Significance and Use
When a drop of liquid rests on the surface of a solid, and a gas is in contact with both, the forces acting at the interfaces must balance. These forces can be represented by surface energies acting in the direction of the surfaces and it follows that:
|angle of contact of the edge of the drop with the solid surface,
|surface energy of the gas - liquid interface,
|surface energy of the gas - solid interface, and
|surface energy of the solid - liquid interface.
The right side of the above equation (the difference between the surface energies of the gas - solid and solid - liquid interfaces) is defined as the wetting tension of the solid surface. It is not a fundamental property of the surface but depends on interaction between the solid and a particular environment.
When the gas is air saturated with vapors of the liquid, γGL will be the surface tension of the liquid. If the angle of contact is 0° the liquid is said to just wet the surface of the solid, and in this particular case (since cos θ = 1) the wetting tension of the solid will be equal to the surface tension of the liquid.
The ability of polyethylene and polypropylene films to retain inks, coatings, adhesives, etc., is primarily dependent upon the character of their surfaces, and can be improved by one of several surface-treating techniques. These same treating techniques have been found to increase the wetting tension of a polyethylene or a polypropylene film surface in contact with mixtures of formamide and ethyl Cellosolve in the presence of air. It is therefore possible to relate the wetting tension of a polyethylene or a polypropylene film surface to its ability to accept and retain inks, coatings, adhesives, etc. The measured wetting tension of a specific film surface can only be related to acceptable ink, coating, or adhesive retention through experience. Wetting tension in itself is not a completely acceptable measure of ink, coating, or adhesive adhesion.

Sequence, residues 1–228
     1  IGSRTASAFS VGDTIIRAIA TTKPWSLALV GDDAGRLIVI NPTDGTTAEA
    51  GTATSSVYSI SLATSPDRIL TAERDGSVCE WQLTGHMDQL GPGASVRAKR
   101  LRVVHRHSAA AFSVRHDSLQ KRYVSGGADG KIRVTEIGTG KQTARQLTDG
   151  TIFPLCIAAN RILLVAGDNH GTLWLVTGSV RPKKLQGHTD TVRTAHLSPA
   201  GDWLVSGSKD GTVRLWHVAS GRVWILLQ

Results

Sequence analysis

Note 3—A wetting tension of 35 dynes/cm or higher has been generally found to reveal a degree of treatment normally regarded as acceptable for tubular film made from Type 1 polyethylene and intended for commercial flexographic printing. It is, however, possible that some other level of wetting tension may be required to indicate the acceptability of polyethylene films made by other processes, or from other types of polyethylene, or intended for other uses.
At the present date, insufficient experience has been gained to state a generally acceptable level of wetting tension for polypropylene films for commercial flexographic printing.
1.1 This test method covers the measurement of the wetting tension of a polyethylene or polypropylene film surface in contact with drops of specific test solutions in the presence of air.
1.2 The values stated in SI units are to be regarded as standard. The values given in parentheses are mathematical conversions to inch-pound units that are provided for information only and are not considered standard.
Note 1—This test method and the specified reagents were specifically developed for polyethylene and polypropylene films. It is possible to utilize this test method and the specified reagents for films composed of other polymers, but this can affect the surface energies of the gas-liquid and solid-liquid interfaces, which will affect the contact angle and wetting tension. The applicability and significance for use of non-polyolefin materials must be established by the user.
1.3 This standard does not purport to address all of the safety concerns, if any, associated with its use. It is the responsibility of the user of this standard to establish appropriate safety and health practices and determine the applicability of regulatory limitations prior to use. Specific hazards statements are given in Section 8.
Note 2—This test method is equivalent to ISO 8296.